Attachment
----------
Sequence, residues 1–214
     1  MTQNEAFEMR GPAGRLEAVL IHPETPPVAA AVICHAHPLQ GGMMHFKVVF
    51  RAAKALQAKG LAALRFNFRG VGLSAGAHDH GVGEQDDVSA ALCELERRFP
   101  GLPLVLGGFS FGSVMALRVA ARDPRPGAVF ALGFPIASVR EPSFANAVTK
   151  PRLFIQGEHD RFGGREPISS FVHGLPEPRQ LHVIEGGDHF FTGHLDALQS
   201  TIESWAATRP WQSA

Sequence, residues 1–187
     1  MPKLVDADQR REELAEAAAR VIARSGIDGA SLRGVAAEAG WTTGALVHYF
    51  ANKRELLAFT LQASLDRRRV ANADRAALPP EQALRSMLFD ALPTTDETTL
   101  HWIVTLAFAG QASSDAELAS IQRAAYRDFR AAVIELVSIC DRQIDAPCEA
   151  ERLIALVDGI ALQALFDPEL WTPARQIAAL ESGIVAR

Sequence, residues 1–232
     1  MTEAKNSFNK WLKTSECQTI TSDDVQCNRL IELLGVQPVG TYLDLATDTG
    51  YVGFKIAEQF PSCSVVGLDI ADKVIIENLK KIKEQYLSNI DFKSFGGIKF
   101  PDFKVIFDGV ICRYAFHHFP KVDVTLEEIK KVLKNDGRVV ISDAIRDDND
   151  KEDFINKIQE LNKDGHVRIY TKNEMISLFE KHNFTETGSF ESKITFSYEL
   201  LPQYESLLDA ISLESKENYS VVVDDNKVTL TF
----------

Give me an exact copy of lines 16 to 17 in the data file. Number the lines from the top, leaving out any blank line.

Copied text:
   151  KEDFINKIQE LNKDGHVRIY TKNEMISLFE KHNFTETGSF ESKITFSYEL
   201  LPQYESLLDA ISLESKENYS VVVDDNKVTL TF